When soldiers return home from war even years after they can still be plagued by long term issues that developed because of the war. Being drafted and forced to fight also has many long term negative effects on a person’s mental health as well. Even after the war veterans returning home from Vietnam were more likely to commit suicide and had higher mortality rates than the average citizen. “Research on the effects of Vietnam military service suggests that Vietnam veterans experienced significantly higher mortality than the civilian population at large,” (Heerwig, Conley). These suicidal thoughts, because of things like PTSD and survivors guilt usually stay with these veterans throughout the course of their lives and tears down their mental state. Many are unable to return to civilian life and get a job and gradually lose their sanity because of the atrocities they witness in war after they were drafted. Even after time went on the general attitude towards being drafted into fighting in Vietnam stayed constant, “However, an exception is with the central variable itself- Vietnam attitude. Here, we use responses to the ‘mistake’ question because that was asked in each post lottery wave. The lottery effect on responses to the question about Vietnam being a mistake,” (Erikson, Stoker). Even after decades lottery the negative attitude towards the war is still prevalent in those who survived the war, these men forced to fight in a war they didn’t agree with still feel like it was a mistake to go there and are burdened with regret. This is another negative affect of being drafted and forced to fight in a war someone may have not been prepared for.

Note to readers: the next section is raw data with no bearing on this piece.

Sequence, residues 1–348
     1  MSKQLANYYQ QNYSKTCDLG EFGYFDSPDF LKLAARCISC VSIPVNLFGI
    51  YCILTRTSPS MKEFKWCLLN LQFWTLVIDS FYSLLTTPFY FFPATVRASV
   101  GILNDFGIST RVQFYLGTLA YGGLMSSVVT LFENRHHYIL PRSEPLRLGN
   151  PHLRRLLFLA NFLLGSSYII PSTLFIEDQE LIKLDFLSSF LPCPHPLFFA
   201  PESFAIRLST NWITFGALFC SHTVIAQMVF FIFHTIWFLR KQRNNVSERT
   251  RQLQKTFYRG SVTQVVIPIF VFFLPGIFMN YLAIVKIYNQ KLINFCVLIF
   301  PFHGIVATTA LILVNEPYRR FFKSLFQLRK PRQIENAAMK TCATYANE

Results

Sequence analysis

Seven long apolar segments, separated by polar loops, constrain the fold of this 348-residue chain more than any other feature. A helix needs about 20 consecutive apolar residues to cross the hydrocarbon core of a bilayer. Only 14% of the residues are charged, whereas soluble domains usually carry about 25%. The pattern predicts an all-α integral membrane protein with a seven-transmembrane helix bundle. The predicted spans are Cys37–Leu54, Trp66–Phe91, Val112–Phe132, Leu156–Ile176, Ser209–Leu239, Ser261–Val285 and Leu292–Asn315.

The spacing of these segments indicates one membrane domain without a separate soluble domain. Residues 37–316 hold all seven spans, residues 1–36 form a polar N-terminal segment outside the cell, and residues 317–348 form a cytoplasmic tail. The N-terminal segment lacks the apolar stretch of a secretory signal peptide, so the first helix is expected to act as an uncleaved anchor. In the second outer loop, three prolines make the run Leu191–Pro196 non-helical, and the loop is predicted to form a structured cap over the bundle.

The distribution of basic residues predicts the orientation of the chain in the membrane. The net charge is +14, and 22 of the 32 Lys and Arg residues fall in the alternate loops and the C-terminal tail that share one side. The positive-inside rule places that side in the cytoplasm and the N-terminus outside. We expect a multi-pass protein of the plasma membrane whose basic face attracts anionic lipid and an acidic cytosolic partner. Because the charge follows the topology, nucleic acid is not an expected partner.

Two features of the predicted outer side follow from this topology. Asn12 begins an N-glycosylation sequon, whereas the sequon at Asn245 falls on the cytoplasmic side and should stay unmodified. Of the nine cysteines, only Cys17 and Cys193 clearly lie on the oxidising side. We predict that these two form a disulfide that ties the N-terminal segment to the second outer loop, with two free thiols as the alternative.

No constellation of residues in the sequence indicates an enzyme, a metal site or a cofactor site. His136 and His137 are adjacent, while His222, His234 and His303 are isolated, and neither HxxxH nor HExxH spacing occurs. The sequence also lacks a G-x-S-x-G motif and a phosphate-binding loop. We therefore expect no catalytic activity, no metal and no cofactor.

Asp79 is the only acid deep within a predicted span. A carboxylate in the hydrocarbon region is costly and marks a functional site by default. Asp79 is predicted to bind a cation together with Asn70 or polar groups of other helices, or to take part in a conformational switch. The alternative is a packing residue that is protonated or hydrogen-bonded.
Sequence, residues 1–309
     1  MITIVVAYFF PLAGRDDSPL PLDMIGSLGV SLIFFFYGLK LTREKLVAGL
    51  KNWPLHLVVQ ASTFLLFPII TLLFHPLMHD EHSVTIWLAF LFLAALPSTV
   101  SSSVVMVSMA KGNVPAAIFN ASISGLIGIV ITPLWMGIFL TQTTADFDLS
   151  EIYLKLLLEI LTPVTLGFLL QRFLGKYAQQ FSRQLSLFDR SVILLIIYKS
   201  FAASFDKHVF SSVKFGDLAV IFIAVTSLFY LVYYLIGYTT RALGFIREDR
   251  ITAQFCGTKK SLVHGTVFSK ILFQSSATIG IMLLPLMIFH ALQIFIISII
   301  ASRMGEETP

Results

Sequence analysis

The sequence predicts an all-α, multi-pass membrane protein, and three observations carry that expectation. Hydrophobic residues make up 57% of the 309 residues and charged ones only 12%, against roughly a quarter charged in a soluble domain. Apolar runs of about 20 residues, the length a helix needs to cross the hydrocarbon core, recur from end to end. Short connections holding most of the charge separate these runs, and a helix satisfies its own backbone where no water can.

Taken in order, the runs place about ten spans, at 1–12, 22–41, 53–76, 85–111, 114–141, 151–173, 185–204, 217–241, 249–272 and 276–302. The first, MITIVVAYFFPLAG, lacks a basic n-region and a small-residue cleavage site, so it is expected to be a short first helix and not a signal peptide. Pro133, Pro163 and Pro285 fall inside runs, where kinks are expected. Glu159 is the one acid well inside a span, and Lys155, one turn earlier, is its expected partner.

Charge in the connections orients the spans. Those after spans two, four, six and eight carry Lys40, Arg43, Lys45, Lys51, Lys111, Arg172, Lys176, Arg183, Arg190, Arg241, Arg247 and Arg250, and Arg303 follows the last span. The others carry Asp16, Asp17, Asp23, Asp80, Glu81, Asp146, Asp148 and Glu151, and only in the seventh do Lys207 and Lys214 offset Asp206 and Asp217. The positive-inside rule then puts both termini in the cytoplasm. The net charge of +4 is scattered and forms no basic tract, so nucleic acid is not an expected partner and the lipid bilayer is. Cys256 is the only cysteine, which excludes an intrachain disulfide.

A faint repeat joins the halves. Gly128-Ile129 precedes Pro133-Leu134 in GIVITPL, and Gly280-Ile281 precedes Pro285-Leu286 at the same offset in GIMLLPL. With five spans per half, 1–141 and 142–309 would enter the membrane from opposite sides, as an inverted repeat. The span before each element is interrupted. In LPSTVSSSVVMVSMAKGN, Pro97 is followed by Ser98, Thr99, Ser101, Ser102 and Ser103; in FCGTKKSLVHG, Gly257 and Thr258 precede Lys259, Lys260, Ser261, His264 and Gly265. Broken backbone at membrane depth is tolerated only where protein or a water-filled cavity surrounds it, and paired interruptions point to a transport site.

Death is something that everyone has seen one television or an action-packed movie. Soldiers quickly realize that Hollywood’s glamorized portrayal of death is something completely fabricated and not an accurate representation. Watching a person die in real time haunts those who witness it for the rest of their lives long after they return from war. “They all carried ghosts,” (O’Brien 486). Carrying “ghosts” is figurative for caring the horrible things like watching friends die for the rest of their lives, like for example when Kiowa saw Ted get shot in the head, situations like this stay with these soldiers for the rest of their lives and are what bear down on them, and cause them to be more likely to try to commit suicide. Those drafted for the war and less prepared to witness this are even more so traumatized by it and reflect on the deaths of friends for the rest of their lives regretting the mistake of even going there in the first place. To avoid this mental strain it was common for some men to even self-inflict wounds on themselves, “By and large they carried these things inside, maintaining the masked of composure. They sneered at sick call. They spoke bitterly about guys who had found release by shooting off their own toes or fingers. Pussies, they’d say” (O’Brien). This immense mental strain is a huge burden and the increases likelihood for a person to take their own life is more evidence of how being forced to fight in war can affect a soldier’s mental health negatively. After being drafted and being forced to fight in a dangerous war doesn’t just stop affecting a person the second they get shipped back home. Witnessing all these atrocities causes a person to develop Post Traumatic Stress Disorder,” PTSD develops from the experience of an overwhelming or traumatic event. Traumatic events that may cause PTSD are generally life-threatening events such as natural disasters (earthquakes, hurricanes, floods), violent personal attacks (physical and sexual abuse, kidnapping, rape, violent crime), terrorist incidents (September 11), military combat, or accidents (plane, train, motor vehicle accidents), “(Shiromoto, Ronald). Traumatic events are a part of war and people drafted into it cannot do anything to avoid them. PTSD is especially common in Vietnam Veterans, “The National Vietnam Veterans Readjustment Study in the 1980s, for instance, found that the lifetime incidence rate for posttraumatic stress disorder (PTSD), a disorder with symptoms that may persist up to 40 years after service, was over 30% in male Vietnam veterans, “(Heerwig, Conley). For the rest of a persons life they can be haunted by the thoughts of dying friends, killing other people who may be forced to fight for their nation, and watching family mourn for fallen family members sticks with these people forever. PTSD while treatable isn’t like a normal illness that can be treated and forgotten about, years of therapy can help but whether it can be cured or simply come to terms with is subjective. PTSD is another factor that negatively affects a drafted soldier’s mental health. There are many traumatic events for a lot of O’Brien’s characters and is where they become traumatized. Watching other people die is usually a big cause so the men try to label death as something else “They used a hard vocabulary to contain the terrible softness. Greased they say. Offed, Lit up, zapped while zipping. It wasn’t cruelty, just stage presence. They were actors. When someone died, it wasn’t quite dying, because in a curious way it seemed scripted, and because they had their lines mostly memorized irony mixed with tragedy, and because they called it by other names, as if to encyst and the destroy the reality of death itself,” (O’Brien 492). This is a way the soldier’s cope with death and try to make it lessen its impact on them. Unfortunately, sometimes death is not of an enemy they greased and justify with kill or be killed sometimes they’re fellow service men are killed. This is seen when Lt Jimmy Cross is hearing the details of Ted’s death “Kiowa explained how Lavender died, Lieutenant Cross found himself trembling. He tried not to cry. With his entrenching tool, which weighed five pounds, he began digging a hole in the earth. He felt shame. He hated himself. He loved Martha more than his men, and as a consequence Lavender was dead, and this was something he would have to carry in his stomach like a stone for the rest of the war,” (O’Brien 490). As a result of fantasizing about Martha Lt. Cross feels he is to blame for the death of Ted and will carry the shame of letting a member of his company forever. When Cross found was thinking about it he was physically trembling and blaming himself, this is how PTSD negatively affects the mental health of a drafted solider.